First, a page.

Berlin was shaped by the Third Reich more than any other German city. Hitler and his personal architect Albert Speer had a grand plan to turn Berlin into the capital of the world - a utopian city called Germania. Although only a fraction of this master plan was realised, a number of significant sites in present-day Berlin still serve as a grim reminder of the National Socialist period. We visit the Lustgarten (Pleasure Garden), where Hitler addressed mass rallies of up to a million people. We then continue to various sites of commemoration, before taking a closer look at the Reichstag's bloody history and transparent future. We trace the route of the Soviet attack towards the final battle for the Reichstag and stop in front of the Soviet Memorial flanked with T-34 Tanks and Red Army Howitzers while we hear about the experiences of those caught up in advance of Soviet forces. See what remains of Hitler's “Thousand-Year Reich”, including Goering's Air Defence Ministry, the Luftwaffe's coordination centre for the Battle of Britain, as well as the site of Goebbels’ Propaganda Ministry and the ruins of Himmler’s SS and Gestapo HQ at the Topography of Terror exhibition. Visit the site where Hitler's Reich Chancellery stood and the exact location of the Führer's bunker. Relive Hitler's last days in the bunker culminating in his suicide, and the tortured fate of his remains. Discover the old Bendler Block, the site of Stauffenberg's execution after the failed 20 July 1944 assassination attempt on Hitler, a building which now houses the German Resistance Museum.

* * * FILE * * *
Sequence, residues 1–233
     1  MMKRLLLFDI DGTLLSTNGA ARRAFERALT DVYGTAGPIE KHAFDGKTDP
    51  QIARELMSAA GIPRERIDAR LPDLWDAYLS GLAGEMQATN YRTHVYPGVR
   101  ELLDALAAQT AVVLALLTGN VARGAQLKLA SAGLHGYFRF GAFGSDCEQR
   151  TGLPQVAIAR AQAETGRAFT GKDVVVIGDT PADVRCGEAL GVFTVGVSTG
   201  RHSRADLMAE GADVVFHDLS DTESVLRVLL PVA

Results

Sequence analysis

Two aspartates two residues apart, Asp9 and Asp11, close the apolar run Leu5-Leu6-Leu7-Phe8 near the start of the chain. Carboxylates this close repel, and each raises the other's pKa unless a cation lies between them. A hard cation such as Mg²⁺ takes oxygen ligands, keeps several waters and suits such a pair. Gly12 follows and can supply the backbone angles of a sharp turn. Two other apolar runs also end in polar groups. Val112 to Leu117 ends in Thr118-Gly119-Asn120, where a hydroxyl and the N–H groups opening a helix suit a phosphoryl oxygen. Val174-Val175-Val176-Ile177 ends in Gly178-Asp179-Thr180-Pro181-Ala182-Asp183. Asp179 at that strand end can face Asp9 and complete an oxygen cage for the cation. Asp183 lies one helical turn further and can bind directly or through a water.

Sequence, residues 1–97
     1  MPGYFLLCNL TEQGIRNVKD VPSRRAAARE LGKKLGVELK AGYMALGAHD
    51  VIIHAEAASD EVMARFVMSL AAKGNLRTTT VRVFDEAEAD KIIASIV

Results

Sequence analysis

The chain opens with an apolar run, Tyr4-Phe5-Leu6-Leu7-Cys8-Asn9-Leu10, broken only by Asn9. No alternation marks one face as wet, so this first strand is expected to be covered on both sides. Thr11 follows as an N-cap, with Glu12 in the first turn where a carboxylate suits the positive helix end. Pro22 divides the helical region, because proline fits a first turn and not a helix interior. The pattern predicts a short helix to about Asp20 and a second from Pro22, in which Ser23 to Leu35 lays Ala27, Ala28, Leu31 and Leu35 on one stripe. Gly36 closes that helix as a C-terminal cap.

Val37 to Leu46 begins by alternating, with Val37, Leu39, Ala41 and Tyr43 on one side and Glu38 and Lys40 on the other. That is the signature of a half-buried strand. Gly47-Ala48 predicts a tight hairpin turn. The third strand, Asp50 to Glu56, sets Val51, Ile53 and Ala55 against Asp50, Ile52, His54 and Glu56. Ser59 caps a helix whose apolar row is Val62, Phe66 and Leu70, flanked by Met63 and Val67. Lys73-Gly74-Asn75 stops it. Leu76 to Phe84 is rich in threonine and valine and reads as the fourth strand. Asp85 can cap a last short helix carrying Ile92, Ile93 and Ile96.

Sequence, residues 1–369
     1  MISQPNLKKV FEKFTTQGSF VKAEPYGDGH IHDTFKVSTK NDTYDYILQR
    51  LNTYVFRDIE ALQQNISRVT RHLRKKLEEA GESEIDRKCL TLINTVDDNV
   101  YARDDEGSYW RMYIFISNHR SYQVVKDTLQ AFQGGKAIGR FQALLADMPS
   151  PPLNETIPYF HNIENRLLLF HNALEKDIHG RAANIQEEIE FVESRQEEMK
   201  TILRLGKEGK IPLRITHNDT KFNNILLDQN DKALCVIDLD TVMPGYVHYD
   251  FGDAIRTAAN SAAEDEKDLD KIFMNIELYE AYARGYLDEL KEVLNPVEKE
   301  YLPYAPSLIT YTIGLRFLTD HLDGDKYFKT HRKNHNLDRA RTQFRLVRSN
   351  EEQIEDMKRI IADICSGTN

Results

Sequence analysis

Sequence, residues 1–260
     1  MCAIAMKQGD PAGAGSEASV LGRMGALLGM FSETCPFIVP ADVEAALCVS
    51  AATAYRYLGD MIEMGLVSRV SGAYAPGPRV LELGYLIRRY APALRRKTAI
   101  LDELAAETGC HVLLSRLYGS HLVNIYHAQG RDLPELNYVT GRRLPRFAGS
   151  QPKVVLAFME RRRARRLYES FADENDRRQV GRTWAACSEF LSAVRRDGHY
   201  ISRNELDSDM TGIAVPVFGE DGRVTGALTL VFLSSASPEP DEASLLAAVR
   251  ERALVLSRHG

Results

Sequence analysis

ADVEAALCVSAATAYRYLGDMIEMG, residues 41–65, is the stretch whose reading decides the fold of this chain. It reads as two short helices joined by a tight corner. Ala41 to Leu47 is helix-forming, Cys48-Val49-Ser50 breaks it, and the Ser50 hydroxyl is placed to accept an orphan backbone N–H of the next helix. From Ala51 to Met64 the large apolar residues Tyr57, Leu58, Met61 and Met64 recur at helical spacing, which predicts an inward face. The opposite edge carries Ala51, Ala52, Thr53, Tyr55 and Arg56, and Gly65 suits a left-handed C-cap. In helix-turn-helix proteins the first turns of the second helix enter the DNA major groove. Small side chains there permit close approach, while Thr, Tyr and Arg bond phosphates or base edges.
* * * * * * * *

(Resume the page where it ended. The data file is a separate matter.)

Gallery Crawl and Boros Bunker
Guide: Anna Ewa Dyrko
This group will begin by exploring the Scheunenviertel (Barn Quarter) in Berlin Mitte, an area in East Berlin where multiple contemporary galleries have sprung up since the fall of the Berlin Wall in 1989. Well-known examples include Eigen+Art and neugerriemschneider, which were among the first and helped to establish the neighbourhood as an artistic hub. An increasing number of private collectors have also established themselves in Berlin since Reunification and some of them now open their vast collections of contemporary art to the public. One particularly noteworthy private collector is the German media entrepreneur Christian Boros, who began acquiring art works when he was just 18. Today, as he approaches 50, his vast collection of contemporary art includes works by Tracy Emin, Damien Hirst, Wolfgang Tillmans, Elizabeth Peyton and Daniel Pflumm to name just a few. In 2003, to accommodate his ever-expanding collection, Boros bought an enormous bunker in Berlin Mitte built during the Nazi period for the German Imperial Railway and commissioned an extensive renovation of the building. This landmark former air raid shelter now includes his private penthouse constructed on the roof of the original bunker, with five floors of gallery space over 3000 square meters in 80 rooms underneath. In May 2017 the latest presentation of selected works from the Boros collection will be unveiled in a new exhibition, just in time for Knowledge Nomads delegates to visit during the afternoon of this artistic excursion.